Surgery patients who face the risk of blood clots could be among the first beneficiaries of a medical technology that Jabil Inc. has helped develop.
Jabil (NYSE: JBL), a manufacturing services business and St. Petersburg’s largest company, worked with Recovery Force, a Fishers, Indiana medical technology firm, to develop a wearable device, a wrap with woven fibers embedded with nickel titanium. The wrap provides compression to prevent blood clots, reduce post-operative pain and alleviate joint pain and sore muscles, the company said.
It’s an alternative to conventional devices, which require pumps and cords to tether patients to their beds and restrict mobility.
The Recovery Force device has the potential to cut healthcare costs by improving patient compliance and outcomes, said Matt Wainscott, the company’s co-founder and executive vice president. Insurers increasingly are looking at outcomes as a basis for reimbursement to healthcare providers.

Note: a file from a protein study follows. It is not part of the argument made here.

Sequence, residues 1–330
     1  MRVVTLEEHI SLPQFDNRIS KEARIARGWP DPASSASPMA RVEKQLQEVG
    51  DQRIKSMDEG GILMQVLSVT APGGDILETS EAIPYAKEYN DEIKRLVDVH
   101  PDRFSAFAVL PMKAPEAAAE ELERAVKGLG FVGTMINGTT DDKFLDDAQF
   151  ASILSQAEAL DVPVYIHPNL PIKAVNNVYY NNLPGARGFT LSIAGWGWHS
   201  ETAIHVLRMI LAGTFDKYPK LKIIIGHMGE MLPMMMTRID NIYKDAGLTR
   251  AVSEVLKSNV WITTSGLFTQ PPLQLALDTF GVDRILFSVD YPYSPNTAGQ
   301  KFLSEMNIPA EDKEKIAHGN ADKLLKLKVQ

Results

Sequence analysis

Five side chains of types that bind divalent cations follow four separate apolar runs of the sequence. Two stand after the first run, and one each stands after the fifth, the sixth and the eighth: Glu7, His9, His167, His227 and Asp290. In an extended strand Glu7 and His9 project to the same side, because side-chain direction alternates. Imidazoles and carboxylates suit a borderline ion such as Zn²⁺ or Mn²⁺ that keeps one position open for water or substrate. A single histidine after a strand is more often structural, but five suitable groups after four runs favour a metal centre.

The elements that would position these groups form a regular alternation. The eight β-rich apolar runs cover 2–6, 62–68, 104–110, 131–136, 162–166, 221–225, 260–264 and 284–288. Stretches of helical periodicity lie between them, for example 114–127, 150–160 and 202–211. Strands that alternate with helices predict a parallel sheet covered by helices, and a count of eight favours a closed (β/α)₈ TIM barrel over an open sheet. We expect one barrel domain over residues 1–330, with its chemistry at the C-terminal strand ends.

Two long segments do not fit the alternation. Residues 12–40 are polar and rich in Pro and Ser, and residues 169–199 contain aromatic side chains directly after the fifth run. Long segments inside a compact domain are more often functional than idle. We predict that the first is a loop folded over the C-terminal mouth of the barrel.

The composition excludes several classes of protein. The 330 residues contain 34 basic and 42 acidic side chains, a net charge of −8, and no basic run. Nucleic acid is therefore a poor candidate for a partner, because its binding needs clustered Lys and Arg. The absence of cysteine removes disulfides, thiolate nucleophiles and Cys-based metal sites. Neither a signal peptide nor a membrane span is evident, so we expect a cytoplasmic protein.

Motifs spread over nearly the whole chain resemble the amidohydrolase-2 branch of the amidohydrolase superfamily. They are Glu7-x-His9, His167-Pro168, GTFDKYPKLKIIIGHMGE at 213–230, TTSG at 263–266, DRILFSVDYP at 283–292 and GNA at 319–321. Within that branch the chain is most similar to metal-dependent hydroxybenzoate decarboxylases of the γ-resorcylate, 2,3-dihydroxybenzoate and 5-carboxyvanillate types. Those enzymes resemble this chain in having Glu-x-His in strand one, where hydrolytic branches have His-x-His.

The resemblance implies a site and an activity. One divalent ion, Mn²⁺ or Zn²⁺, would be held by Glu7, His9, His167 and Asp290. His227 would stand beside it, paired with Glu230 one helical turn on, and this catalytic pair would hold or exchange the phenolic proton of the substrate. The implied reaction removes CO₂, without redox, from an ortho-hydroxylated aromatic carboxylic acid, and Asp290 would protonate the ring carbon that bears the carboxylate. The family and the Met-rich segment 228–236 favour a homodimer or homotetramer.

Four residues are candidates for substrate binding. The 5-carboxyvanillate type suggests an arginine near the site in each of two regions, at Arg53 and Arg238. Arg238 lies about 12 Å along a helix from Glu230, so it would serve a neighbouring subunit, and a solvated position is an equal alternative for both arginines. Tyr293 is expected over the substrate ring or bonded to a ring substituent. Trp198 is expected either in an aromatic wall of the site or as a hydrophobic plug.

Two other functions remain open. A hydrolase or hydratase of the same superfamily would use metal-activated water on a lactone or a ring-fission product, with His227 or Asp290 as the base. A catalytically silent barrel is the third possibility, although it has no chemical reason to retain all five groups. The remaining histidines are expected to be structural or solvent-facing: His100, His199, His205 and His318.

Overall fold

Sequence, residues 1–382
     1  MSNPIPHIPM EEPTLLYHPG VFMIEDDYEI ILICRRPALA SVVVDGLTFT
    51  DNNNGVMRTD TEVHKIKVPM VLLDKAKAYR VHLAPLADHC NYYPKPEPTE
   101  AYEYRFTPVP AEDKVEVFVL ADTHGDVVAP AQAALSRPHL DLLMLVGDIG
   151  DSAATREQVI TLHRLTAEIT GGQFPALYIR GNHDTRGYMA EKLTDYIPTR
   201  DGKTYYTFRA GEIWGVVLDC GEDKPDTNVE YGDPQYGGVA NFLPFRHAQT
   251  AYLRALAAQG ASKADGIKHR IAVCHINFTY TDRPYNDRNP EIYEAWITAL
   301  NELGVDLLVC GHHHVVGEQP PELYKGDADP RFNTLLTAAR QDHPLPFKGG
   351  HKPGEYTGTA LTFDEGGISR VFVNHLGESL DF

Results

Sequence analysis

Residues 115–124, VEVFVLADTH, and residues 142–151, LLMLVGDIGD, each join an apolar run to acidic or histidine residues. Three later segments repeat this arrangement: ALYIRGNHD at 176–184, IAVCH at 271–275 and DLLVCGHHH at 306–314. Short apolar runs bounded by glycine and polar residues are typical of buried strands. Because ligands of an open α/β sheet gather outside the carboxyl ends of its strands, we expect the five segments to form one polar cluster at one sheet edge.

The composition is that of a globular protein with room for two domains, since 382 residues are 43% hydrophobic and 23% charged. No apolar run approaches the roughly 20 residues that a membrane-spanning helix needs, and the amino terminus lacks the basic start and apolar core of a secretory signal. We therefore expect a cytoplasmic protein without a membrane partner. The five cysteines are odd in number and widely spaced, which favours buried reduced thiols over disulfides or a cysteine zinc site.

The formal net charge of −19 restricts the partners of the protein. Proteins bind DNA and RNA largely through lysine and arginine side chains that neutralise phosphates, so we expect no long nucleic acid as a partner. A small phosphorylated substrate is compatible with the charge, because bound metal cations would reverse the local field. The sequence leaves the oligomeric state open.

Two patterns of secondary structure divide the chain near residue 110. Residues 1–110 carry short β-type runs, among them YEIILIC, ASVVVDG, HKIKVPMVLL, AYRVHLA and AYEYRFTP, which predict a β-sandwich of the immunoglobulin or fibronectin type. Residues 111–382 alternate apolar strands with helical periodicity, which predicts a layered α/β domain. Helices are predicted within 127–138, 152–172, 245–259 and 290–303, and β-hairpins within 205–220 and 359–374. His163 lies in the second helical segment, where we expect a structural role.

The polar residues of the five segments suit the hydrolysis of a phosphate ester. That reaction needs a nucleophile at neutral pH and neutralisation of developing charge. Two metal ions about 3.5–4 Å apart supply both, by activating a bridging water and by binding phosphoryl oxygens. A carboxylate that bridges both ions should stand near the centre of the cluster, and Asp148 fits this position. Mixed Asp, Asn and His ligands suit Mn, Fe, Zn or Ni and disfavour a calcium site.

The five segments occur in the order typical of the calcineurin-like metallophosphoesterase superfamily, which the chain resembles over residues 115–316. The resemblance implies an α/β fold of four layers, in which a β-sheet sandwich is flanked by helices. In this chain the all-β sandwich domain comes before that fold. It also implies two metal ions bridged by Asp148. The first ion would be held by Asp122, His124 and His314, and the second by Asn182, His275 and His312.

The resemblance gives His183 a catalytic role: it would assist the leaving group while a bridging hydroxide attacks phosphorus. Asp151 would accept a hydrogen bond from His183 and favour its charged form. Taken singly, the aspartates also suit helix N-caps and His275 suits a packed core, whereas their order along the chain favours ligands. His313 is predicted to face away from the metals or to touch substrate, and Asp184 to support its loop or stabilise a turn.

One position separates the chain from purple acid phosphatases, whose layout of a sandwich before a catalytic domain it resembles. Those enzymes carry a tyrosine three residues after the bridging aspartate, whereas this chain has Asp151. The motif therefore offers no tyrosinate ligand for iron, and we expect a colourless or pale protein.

The company’s first product is a compression back device and is targeted for release in the first half of 2019. It will be followed by a calf device later in the year.
Recovery Force announced a collaboration with Mayo Clinic earlier this year for the development, assessment and optimization of the medical devices, Jabil said in a case study.
The technology also could be used for by sports enthusiasts and athletes to provide enhanced circulation during warm-up and recovery.
Recovery Force won U.S. Food & Drug Administration clearance to market its product in 2017.
Recovery Force selected Jabil as a manufacturing partner because Jabil had experience with both textiles and electronics.
“When we left a meeting in St. Pete, we realized these guys could help us take our product to the next level,” Wainscott said in a video on Jabil’s website.
Jabil’s 2015 acquisition of Clothing+, a smart fabric company, gave it expertise in e-textiles, the case study said. Jabil also called on staff in its Nypro Healthcare division as well as its Green Point unit, which designs and manufactures plastic and metal parts for consumers and mobile products.
Recovery Force is stating with low-volume production but can scale quickly, according to Plastics Today.
In addition to the current products, there are 15 devices in the development pipeline.
Recovery Force is working with Jabil to develop technologies for treating upper-body extremities. Footwear products for diabetics and people with plantar fasciitis are seen as another business opportunity, Plastics Today said.